I wonder if you realize, I wonder if your imaginations have been filled with the significance of the tides of commerce. Your Governor alluded in very fit and striking terms to the voyage of Columbus; but Columbus took his voyage under compulsion of circumstances. Constantinople had been captured by the Turks, and all the routes of trade with the East had been suddenly closed. If there was not a way across the Atlantic to open those routes again, they were closed forever, and Columbus set out, not to discover America, for he did not know that it existed, but to discover the eastern shores of Asia. He set sail for Cathay and stumbled upon America. With that change in the outlook of the world, what happened? England, that had been at the back of Europe with an unknown sea behind her, found that all things had turned as if upon a pivot and she was at the front of Europe; and since then, all the tides of energy and enterprise that have issued out of Europe have seemed to be turned westward across the Atlantic. But you will notice that they have turned westward chiefly north of the equator, and that it is the northern half of the globe that has seemed to be filled with the media of intercourse and of sympathy and of common understanding.

Do you not see now what is about to happen? These great tides, which have been running along parallels of latitude, will now swing southward athwart parallels of latitude, and that opening gate at the Isthmus of Panama will open the world to a commerce that she has not known before--a commerce of intelligence, of thought and sympathy between North and South. The Latin-American states, which, to their disadvantage, have been off the main lines, will now be on the main lines. I feel that these gentlemen honoring us with their presence today will presently find that some part, at any rate, of the center of gravity of the world has shifted. Do you realize that New York, for example, will be nearer the western coast of South America than she is now to the eastern coast of South America? Do you realize that a line drawn northward, parallel with the greater part of the western coast of South America, will run only about one hundred and fifty miles west of New York? The great bulk of South America, if you will look at your globes (not at your Mercator's projection), lies eastward of the continent of North America. You will realize that when you realize that the canal will run southeast, not southwest, and that, when you get into the Pacific, you will be farther east than you were when you left the Gulf of Mexico. (I am reciting these things because I recently discovered them, by myself, renewing my study of geography.) These things are significant, therefore, of this--that we are closing one chapter in the history of the world and are opening another, of great, unimaginable significance.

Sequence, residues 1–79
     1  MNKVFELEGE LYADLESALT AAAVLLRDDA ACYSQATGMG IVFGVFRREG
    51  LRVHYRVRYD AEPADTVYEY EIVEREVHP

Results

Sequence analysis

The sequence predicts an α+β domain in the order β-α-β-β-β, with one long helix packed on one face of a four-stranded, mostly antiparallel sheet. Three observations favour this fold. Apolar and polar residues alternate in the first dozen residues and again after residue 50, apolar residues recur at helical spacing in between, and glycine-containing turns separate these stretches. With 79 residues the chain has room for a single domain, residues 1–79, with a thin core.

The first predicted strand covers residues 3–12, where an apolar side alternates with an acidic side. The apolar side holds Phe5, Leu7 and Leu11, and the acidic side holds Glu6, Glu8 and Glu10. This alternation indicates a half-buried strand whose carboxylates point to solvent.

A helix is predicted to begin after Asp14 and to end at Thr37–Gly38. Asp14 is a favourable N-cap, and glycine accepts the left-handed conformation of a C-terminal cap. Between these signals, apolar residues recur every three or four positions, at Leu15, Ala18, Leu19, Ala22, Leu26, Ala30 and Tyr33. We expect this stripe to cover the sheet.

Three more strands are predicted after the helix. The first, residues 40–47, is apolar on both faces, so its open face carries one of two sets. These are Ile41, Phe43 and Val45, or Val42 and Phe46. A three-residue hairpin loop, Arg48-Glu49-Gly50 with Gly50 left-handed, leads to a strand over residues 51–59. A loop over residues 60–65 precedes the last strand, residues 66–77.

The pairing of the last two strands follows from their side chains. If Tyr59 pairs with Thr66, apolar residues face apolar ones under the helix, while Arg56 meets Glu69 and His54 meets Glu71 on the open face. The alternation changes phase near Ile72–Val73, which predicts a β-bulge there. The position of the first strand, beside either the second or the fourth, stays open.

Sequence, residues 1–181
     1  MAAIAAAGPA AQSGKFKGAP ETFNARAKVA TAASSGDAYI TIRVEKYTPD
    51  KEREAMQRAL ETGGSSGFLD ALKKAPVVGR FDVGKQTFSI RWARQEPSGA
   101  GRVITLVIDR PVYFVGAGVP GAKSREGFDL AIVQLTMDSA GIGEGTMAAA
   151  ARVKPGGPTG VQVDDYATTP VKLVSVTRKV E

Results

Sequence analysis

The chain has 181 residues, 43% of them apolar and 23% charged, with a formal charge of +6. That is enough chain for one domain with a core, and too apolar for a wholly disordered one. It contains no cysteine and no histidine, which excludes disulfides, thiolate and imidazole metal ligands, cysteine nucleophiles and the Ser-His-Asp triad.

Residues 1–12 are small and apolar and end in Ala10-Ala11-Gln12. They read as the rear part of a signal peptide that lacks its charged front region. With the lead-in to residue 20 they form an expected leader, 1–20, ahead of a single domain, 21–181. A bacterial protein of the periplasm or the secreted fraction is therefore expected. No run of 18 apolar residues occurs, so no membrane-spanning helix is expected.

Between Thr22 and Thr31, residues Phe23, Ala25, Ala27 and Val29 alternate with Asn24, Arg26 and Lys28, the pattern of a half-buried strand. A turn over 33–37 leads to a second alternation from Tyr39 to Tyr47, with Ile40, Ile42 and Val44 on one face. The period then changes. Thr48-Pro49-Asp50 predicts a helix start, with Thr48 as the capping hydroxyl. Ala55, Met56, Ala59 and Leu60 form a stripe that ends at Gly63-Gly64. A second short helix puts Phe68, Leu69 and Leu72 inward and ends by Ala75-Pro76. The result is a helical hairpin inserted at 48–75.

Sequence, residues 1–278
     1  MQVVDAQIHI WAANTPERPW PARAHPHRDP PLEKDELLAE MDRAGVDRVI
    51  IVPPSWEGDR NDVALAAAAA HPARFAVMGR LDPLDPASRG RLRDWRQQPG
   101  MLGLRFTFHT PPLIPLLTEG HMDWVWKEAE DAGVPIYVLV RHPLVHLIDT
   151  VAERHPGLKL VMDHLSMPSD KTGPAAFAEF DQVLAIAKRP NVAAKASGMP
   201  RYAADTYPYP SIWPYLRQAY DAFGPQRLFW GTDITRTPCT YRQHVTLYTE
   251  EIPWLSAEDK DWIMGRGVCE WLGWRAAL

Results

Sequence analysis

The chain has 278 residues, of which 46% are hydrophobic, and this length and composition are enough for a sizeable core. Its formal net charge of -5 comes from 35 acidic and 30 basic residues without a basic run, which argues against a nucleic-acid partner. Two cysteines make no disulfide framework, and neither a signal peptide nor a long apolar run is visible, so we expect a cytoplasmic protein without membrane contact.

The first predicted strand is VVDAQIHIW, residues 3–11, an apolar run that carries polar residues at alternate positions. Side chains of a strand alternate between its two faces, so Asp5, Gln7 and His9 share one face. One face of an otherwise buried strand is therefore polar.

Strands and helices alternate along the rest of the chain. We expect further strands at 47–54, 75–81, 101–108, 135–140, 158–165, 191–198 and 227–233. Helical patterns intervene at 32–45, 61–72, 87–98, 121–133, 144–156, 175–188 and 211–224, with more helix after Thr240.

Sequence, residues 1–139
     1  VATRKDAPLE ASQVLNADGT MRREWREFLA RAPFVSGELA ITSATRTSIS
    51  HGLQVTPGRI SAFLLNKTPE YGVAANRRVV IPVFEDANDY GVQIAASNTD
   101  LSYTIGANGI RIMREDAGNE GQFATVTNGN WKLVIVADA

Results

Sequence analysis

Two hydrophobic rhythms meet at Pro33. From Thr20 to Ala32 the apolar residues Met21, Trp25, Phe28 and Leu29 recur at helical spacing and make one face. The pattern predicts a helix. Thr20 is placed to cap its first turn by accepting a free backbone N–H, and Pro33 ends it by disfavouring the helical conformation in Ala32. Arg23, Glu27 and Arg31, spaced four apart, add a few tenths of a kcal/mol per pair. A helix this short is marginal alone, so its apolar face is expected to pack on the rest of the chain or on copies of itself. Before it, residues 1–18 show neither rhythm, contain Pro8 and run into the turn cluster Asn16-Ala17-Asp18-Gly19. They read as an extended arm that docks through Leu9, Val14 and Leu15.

There is one peculiarity about the history of the Latin-American states which I am sure they are keenly aware of. You hear of "concessions" to foreign capitalists in Latin America. You do not hear of concessions to foreign capitalists in the United States. They are not granted concessions. They are invited to make investments. The work is ours, though they are welcome to invest in it. We do not ask them to supply the capital and do the work. It is an invitation, not a privilege; and states that are obliged, because their territory does not lie within the main field of modern enterprise and action, to grant concessions are in this condition--that foreign interests are apt to dominate their domestic affairs; a condition of affairs always dangerous and apt to become intolerable. What these states are going to see, therefore, is an emancipation from the subordination, which has been inevitable, to foreign enterprise and an assertion of the splendid character which, in spite of these difficulties, they have again and again been able to demonstrate. The dignity, the courage, the self-possession, the self-respect of the Latin-American states, their achievements in the face of all these adverse circumstances, deserve nothing but the admiration and applause of the world. They have had harder bargains driven with them in the matter of loans than any other peoples in the world. Interest has been exacted of them that was not exacted of anybody else, because the risk was said to be greater; and then securities were taken that destroyed the risk--an admirable arrangement for those who were forcing the terms! I rejoice in nothing so much as in the prospect that they will now be emancipated from these conditions, and we ought to be the first to take part in assisting in that emancipation. I think some of these gentlemen have already had occasion to bear witness that the Department of State in recent months has tried to serve them in that wise. In the future, they will draw closer and closer to us because of circumstances of which I wish to speak with moderation and, I hope, without indiscretion.